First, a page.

Now one of the highest-rated theatrical podcasts on iTunes (top 10 theatre podcasts as ranked by Feedspot), Lucy Eaton’s podcast Hear Me Out returns for a second series with the first three episodes featuring Joanna Vanderham, Sir Richard Eyre and Sanjeev Bhaskar now available to download.
Hosted by actor and producer Lucy Eaton, a West End actress who recently starred alongside David Tennant and Michael Sheen in BBC1’s lockdown hit comedy ‘Staged’, a new episode will then be released every other Monday from 10 October onwards with future guests including Toby Stephens, Nick Mohammed, Tim McInnerny and Jack Thorne.
Hear Me Out invites audiences to continue engaging with some of the industry’s finest creatives in a unique way, listening in on rehearsal-room-coffee-break and late-night-theatre-bar conversations.
The series sees the guest list extend beyond actors to directors (including Richard Eyre) and writers (including Jack Thorne), showing all sides of the creative coin, to add a new dimension and insight into the creative process.
Highlights include Richard Eyre’s impromptu reading of an original poem about the butterflies on the first day of rehearsals; Ted Lasso’s resident “bad boy” Nick Mohammed recalling his student theatre days with a mixture of adoration and humiliation; Joanna Vanderham sharing the emotions of having a new monologue written especially for you; Sanjeev Bhaskar explaining why Charlie Chaplin was so remarkable; and Jack Thorne condemning our desire to read into every minuscule choice that a writer makes.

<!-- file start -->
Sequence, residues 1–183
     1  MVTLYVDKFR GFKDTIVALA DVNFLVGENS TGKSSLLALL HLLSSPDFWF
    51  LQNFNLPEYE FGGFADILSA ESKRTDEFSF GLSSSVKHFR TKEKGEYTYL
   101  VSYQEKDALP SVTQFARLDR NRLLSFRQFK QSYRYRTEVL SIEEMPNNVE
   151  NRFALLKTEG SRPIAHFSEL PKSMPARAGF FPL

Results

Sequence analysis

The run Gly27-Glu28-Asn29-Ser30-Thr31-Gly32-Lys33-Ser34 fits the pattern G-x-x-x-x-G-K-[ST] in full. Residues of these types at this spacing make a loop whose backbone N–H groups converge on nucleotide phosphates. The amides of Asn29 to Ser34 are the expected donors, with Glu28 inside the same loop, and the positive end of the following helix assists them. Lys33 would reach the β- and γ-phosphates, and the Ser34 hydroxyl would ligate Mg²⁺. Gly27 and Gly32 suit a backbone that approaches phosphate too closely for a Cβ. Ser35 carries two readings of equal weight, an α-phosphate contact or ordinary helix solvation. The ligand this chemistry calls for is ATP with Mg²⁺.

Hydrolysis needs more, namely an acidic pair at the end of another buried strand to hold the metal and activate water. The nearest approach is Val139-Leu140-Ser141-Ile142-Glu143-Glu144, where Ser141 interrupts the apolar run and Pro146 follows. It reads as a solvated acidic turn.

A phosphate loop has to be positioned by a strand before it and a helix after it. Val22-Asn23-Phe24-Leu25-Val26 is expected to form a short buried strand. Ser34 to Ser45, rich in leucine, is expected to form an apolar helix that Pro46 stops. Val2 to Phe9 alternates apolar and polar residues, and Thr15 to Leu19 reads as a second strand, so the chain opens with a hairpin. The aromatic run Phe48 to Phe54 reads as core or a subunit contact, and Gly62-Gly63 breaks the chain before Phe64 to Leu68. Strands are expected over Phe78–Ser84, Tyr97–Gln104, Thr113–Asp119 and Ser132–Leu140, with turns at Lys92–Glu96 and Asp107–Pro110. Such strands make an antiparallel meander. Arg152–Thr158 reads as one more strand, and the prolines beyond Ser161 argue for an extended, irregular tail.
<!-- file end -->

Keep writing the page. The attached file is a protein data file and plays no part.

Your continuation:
Kicking off the first series, listeners can hear Joanna Vanderham discuss The Promise by Aleksei Arbuzov, Sir Richard Eyre on King Lear by William Shakespeare and Sanjeev Bhaskar on East is East by Ayub Khan Din.
Lucy Eaton said: “We had the most remarkable response to the first series. Theatre aficionados and new-comers alike seemed to really connect with the conversations we were having and with the stories within the plays that my guests wanted to explore. And different listeners all had a different favourite episode, individuals connecting with different guests and speeches.
With the second series, I wanted to build on the great success of the first by branching out to other creatives within the theatre and film industry. I’d already decided to record with director Richard Eyre and writer Jack Thorne, but when Sanjeev Bhaskar suggested discussing a Charlie Chaplin speech from The Great Dictator, I was hesitant. It wasn’t theatre! But then I quickly realised that this was the natural direction the podcast should go in; as long as we’re celebrating great writing and creativity, I’m excited to make the show.”